‘Go Back to Work’

Justice Nagbe and Rep. Kolubah

Justice Nagbe instructs Rep. Kolubah

Days after the suspended Representative of Montserrado County District #10, Yekeh Kolubah, said he will not go back to his office until court ruling in his case, Associate Justice Joseph Nagbe has asked the lawmaker to return to work.

Justice Nagbe’s decision came on Wednesday, July 21, after refusing to accept Rep. Kolubah’s request to declare his suspension by the majority members of the House of Representatives as ‘illegal’.

Nagbe, who is the current Chamber Justice of the Supreme Court, told the lawmaker to go back to work because, according to him, Rep. Kolubah’s suspension has already been lifted by his colleagues, which makes it difficult for the court to honor the lawmaker’s concern.

Justice Nagbe in his instruction to Kolubah said if Kolubah’s colleagues were to refuse to restore his rights and entitlement, the lawmaker should return to the court for an appropriate action.

The proceeding was necessitated when Rep. Kolubah, through his lawyers, filed a writ of prohibition to the Supreme Court, terming the House’s decision as illegal, which led to Justice Nagbe placing a stay order on the House of Representatives pending the outcome of his decision.

In his petition, Rep. Kolubah prayed Justice Nagbe to issue the appropriate writ to stop the illegal act of the Respondent, adding, “Grant all that seem legal, just and equitable.” 

It can be recalled that Rep. Kolubah was suspended by the House for 30 days sitting (about four months) by Plenary on Thursday, March 25, 2021 without salaries, allowances and benefits for what members termed as “Rep. Kolubah’s constant habit of raining insults on President George Weah, the Speaker and some of his colleagues within the confines of the Legislature.” His alleged action, Plenary said, was in gross violation of the House’s Rules.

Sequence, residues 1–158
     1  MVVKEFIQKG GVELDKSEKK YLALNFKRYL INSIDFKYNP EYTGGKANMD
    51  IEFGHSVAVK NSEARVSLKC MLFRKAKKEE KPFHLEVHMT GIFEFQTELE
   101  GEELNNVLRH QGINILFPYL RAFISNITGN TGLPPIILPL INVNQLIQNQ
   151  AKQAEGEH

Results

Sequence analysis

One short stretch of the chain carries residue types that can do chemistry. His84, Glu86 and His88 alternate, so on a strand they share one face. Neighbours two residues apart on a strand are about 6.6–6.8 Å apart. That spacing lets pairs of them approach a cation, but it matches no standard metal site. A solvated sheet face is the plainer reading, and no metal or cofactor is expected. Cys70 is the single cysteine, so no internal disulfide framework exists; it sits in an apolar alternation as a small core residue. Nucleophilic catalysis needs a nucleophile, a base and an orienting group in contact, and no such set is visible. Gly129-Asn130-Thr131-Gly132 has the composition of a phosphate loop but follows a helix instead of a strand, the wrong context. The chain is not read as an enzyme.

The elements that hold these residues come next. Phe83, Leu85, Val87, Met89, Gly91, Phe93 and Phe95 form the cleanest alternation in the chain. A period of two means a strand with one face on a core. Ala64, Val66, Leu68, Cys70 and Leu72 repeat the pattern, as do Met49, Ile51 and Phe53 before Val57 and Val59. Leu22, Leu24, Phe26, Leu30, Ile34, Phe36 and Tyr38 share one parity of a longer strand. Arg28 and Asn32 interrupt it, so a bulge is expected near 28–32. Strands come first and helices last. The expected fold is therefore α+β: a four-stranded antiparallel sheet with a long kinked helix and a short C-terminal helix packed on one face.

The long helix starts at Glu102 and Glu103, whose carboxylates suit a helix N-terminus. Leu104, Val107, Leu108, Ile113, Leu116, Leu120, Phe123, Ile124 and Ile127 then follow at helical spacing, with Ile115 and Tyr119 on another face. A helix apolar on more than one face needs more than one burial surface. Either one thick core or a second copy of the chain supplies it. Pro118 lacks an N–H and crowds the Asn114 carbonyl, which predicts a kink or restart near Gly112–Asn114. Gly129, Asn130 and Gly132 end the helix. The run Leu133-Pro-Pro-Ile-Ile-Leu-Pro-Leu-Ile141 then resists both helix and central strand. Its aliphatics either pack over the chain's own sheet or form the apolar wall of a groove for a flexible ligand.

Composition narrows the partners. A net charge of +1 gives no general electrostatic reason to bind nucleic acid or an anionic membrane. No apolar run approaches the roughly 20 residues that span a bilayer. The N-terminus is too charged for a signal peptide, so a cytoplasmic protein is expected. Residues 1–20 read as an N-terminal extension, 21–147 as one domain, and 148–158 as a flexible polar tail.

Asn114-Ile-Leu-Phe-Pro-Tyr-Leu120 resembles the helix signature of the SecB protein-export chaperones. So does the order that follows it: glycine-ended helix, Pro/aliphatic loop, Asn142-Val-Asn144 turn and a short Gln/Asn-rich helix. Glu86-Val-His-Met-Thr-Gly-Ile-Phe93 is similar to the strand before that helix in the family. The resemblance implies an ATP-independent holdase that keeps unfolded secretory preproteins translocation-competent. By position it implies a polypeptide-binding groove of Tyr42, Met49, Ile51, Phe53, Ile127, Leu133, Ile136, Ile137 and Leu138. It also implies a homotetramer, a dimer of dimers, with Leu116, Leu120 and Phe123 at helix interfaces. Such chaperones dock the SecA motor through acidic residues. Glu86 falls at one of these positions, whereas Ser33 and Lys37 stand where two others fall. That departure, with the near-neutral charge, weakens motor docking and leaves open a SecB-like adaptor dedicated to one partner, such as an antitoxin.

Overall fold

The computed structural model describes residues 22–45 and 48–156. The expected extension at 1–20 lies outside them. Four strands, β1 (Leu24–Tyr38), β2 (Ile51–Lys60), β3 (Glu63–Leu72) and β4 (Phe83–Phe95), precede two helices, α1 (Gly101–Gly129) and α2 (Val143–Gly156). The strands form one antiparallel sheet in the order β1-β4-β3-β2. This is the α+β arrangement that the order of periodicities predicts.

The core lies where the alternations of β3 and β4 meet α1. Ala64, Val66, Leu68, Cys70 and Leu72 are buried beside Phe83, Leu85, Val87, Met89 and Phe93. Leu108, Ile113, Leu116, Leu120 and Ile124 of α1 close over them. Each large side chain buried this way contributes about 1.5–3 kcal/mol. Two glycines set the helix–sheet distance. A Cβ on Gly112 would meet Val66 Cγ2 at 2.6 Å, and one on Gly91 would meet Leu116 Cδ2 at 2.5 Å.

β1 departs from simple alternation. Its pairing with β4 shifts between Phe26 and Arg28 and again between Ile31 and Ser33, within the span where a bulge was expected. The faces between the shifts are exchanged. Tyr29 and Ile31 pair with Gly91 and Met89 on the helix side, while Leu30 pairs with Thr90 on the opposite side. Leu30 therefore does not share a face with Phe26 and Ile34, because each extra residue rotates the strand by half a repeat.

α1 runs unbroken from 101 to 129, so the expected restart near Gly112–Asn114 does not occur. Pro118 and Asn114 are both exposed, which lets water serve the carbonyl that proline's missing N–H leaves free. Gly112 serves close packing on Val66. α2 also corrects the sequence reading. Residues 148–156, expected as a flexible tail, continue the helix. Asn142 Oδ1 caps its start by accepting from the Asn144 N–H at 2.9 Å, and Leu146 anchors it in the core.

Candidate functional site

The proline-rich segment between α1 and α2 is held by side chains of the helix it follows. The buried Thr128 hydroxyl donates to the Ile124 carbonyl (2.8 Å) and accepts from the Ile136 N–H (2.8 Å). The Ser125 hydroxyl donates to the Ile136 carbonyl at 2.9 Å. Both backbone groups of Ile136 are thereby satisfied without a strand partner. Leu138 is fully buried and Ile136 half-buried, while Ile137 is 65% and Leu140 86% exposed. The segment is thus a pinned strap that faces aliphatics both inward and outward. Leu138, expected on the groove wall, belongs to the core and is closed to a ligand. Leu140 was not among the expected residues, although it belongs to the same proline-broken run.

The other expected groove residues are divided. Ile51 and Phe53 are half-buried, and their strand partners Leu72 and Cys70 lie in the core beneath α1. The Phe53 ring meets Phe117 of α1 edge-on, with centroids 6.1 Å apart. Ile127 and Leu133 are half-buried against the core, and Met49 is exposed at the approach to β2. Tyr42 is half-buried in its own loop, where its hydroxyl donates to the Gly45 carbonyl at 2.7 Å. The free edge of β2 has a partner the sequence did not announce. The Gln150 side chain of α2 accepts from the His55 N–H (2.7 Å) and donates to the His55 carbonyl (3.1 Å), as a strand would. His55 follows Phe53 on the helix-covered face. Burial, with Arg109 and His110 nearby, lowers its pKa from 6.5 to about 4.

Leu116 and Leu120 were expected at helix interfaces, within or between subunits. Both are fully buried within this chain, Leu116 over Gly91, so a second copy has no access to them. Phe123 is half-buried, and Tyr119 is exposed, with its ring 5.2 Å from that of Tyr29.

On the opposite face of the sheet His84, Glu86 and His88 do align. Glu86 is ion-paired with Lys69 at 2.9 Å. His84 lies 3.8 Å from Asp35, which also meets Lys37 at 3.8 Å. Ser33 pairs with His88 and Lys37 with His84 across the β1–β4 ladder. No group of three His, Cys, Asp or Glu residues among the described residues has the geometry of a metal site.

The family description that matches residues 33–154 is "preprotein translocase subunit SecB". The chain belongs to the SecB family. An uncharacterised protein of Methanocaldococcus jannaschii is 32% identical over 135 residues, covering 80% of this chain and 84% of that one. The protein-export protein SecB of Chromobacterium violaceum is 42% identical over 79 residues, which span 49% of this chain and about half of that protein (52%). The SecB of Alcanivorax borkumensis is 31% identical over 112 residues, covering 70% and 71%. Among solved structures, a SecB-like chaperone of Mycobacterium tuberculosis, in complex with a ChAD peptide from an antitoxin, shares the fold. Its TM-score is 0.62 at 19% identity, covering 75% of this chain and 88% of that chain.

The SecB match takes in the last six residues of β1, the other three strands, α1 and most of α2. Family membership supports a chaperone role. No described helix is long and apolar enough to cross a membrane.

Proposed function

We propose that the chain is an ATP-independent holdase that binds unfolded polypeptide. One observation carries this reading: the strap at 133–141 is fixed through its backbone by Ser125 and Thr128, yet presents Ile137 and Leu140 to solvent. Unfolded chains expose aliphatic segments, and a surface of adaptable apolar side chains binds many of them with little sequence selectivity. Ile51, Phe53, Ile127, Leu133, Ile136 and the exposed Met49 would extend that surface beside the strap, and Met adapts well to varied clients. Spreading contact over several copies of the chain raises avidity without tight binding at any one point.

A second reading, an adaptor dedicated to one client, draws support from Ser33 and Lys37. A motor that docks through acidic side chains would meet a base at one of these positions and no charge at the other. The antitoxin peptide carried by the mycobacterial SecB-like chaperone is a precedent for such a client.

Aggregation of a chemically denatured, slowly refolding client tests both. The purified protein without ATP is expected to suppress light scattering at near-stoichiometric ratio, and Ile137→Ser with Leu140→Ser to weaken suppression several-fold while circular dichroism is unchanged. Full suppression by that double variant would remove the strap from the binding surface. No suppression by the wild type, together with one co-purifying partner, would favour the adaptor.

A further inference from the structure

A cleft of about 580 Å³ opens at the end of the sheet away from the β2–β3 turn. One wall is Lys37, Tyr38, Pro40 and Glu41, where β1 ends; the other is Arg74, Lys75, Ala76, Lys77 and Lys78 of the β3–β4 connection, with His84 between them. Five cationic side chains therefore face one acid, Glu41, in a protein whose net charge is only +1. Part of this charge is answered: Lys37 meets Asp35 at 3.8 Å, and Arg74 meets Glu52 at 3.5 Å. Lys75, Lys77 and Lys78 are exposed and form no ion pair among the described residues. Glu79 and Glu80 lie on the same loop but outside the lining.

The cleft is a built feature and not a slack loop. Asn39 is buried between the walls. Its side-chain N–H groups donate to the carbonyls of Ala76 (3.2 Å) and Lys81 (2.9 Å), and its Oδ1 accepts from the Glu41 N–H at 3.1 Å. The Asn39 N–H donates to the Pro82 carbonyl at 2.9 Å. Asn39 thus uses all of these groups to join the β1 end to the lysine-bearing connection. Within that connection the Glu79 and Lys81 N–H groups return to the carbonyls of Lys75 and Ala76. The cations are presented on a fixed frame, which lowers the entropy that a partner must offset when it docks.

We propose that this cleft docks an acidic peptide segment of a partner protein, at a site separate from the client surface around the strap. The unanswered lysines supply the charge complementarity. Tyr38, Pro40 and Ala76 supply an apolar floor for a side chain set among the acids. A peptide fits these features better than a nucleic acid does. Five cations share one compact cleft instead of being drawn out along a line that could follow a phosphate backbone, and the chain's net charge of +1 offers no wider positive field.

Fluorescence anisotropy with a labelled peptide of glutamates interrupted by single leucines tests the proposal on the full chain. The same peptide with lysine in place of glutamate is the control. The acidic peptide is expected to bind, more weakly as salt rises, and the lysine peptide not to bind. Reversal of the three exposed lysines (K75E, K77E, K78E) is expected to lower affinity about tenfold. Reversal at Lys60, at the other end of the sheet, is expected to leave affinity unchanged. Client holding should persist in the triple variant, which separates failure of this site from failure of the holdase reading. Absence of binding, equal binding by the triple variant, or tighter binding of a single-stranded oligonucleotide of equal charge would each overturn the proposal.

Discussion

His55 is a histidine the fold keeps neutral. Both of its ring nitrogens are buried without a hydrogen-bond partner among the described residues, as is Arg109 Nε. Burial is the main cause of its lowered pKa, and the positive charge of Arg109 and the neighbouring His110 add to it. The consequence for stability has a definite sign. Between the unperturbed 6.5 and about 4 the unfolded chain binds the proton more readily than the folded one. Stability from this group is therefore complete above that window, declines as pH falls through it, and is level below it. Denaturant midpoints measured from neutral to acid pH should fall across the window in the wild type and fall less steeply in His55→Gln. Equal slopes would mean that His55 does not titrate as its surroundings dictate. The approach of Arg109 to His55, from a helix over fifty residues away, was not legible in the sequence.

The decision was triggered by a communication written by Rep. Thomas Fallah (CDC, District #5, Montserrado Co.), asking plenary to take action against their colleague for his unruly behavior. Plenary then voted in favor of the 30 day-sitting suspension.

Following that, Rep. Kolubah received a Letter from the Respondent (House of Representatives) under the signature of Mildred N. Sayon, Chief Clerk, indicating that he is suspended by the Honorable House of Representatives for 30 days of meeting/session of the House beginning Tuesday, April 13, 2021 without salary, allowances and benefits.He argued on the basis of Article 20 (a) of the Constitution that, “No person shall be deprived of life, liberty, security of the person, property, privilege or any other right except as the outcome of a hearing judgment consistent with the provisions laid down in this Constitution and in accordance with due process of law.”By Abednego Davis